Tribalism and the New Racism in Italy

Marco Aime            January 2018

In the post-racial era in which we are living today, a new lexicon is needed. Scientifically baseless, the concept of race has found new forms of expression, for which we need new names. It is no longer enough that modern sciences dismantled the idea of race, to make ‘racism’ disappear. Because this is where the roots lie: it is racism that produced the idea of race, not the other way around. And nowadays it produces new forms of discrimination and exclusion that are dangerously resurging after half a century of apparent oblivion.

Italy had already shown proof of racism by promulgating the 1938 Racial laws under the fascist dictatorship. After the tragedy of the Shoah, it was a shared belief that this was an episode forever filed away in the dusty archives of history. Instead, the last three decades have witnessed the gradual emergence of groups and political movements that  have substituted the grand narrative of the twentieth century, upon which were founded the classic ideologies, liberal as well as socialist, with  a new proposal: the ethnic one. New, but old in reality, in fact, this political proposal, once out in the public arena, must present itself with a good dose of historical substantiation and an even better dose of potential for innovation. Therefore, one side looks to history, while the other side throws out new ideas, or seemingly so[1].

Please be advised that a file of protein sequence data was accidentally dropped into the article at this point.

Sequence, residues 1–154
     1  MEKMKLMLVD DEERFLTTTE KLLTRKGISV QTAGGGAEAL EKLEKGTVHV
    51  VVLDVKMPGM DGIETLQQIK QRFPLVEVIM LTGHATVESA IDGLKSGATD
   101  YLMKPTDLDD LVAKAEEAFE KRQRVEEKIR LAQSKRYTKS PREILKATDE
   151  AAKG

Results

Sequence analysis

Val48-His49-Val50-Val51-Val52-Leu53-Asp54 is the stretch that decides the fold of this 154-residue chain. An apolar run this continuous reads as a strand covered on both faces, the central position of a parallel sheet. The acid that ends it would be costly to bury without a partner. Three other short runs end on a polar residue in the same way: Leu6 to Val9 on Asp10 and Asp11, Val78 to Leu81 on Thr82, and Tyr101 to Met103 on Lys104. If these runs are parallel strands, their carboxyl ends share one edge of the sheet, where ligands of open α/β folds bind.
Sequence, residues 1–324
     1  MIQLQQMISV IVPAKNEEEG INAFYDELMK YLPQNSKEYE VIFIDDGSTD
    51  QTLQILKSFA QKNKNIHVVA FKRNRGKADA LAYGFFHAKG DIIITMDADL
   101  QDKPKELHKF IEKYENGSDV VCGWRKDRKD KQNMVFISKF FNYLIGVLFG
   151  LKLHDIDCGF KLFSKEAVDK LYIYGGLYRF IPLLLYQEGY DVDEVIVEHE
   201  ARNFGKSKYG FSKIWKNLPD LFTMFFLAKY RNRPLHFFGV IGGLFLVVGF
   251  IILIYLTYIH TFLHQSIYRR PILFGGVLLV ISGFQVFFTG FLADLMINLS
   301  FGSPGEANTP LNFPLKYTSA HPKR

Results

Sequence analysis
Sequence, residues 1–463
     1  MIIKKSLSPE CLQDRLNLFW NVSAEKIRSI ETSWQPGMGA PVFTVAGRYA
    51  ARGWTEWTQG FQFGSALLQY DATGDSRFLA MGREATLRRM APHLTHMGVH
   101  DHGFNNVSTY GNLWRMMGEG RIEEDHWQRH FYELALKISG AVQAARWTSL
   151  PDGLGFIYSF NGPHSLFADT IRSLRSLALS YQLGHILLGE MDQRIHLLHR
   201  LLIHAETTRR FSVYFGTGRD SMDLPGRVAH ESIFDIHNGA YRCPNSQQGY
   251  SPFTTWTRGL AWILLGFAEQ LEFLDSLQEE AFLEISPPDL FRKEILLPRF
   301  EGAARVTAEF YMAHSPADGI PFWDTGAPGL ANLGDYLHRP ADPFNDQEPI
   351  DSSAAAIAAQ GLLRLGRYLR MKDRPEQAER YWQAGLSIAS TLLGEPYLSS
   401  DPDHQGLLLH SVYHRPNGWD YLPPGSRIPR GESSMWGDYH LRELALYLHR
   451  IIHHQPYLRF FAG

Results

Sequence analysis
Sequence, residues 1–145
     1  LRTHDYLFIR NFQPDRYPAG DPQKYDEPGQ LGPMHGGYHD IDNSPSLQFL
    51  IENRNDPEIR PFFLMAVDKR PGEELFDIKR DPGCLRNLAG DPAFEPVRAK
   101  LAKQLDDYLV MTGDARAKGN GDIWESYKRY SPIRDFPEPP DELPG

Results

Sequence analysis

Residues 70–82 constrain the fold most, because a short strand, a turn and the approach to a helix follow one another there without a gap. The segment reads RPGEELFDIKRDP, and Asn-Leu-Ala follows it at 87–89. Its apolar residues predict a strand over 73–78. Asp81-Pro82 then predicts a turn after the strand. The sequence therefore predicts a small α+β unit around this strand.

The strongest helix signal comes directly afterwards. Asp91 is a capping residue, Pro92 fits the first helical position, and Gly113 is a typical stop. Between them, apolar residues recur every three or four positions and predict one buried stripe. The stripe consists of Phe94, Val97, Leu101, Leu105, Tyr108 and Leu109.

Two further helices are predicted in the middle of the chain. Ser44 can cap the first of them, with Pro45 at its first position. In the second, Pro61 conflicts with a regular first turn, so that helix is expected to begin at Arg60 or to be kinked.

By betting on values like identity, roots, nativism, and offering the image of a renewed Italian people, historically fake, but ancient and real in the adopted discourse, such movements, like the Lega in Italy, have enriched the political scene with unprecedented categories that elude traditional analysis. The uncertainty and changes brought by globalization, migration and reductions in the welfare state have contributed to the growth of a true and real ‘identity obsession’[2] at the foundation of localism that frequently translate into forms of exclusion, xenophobia. These policies often result in true and real racism, playing on the fertile land of the weak sense of national identity hold by most Italians, and their fear towards the foreigners, mostly generated by misleading media campaigns.

Retracing the path taken by the Lega in constructing their world view, and its accompanying discourse, a continuous swing can be noticed between old concepts presented as new and, vice versa, new elements presented as traditional: the attack to the nation, the creature and pride of the ‘civilised’ West, perhaps is not a return to the past but a figure of our modernity, because ‘the multiplication of ethnic, cultural or religious clashes in the world do not actually correspond to some vague return to tradition, but points at, to the contrary, a situation of global balkanisation in which we found ourselves in’.[3] This situation represents a gradual ethnicisation of society, which in some ways is bringing back forms of tribalism.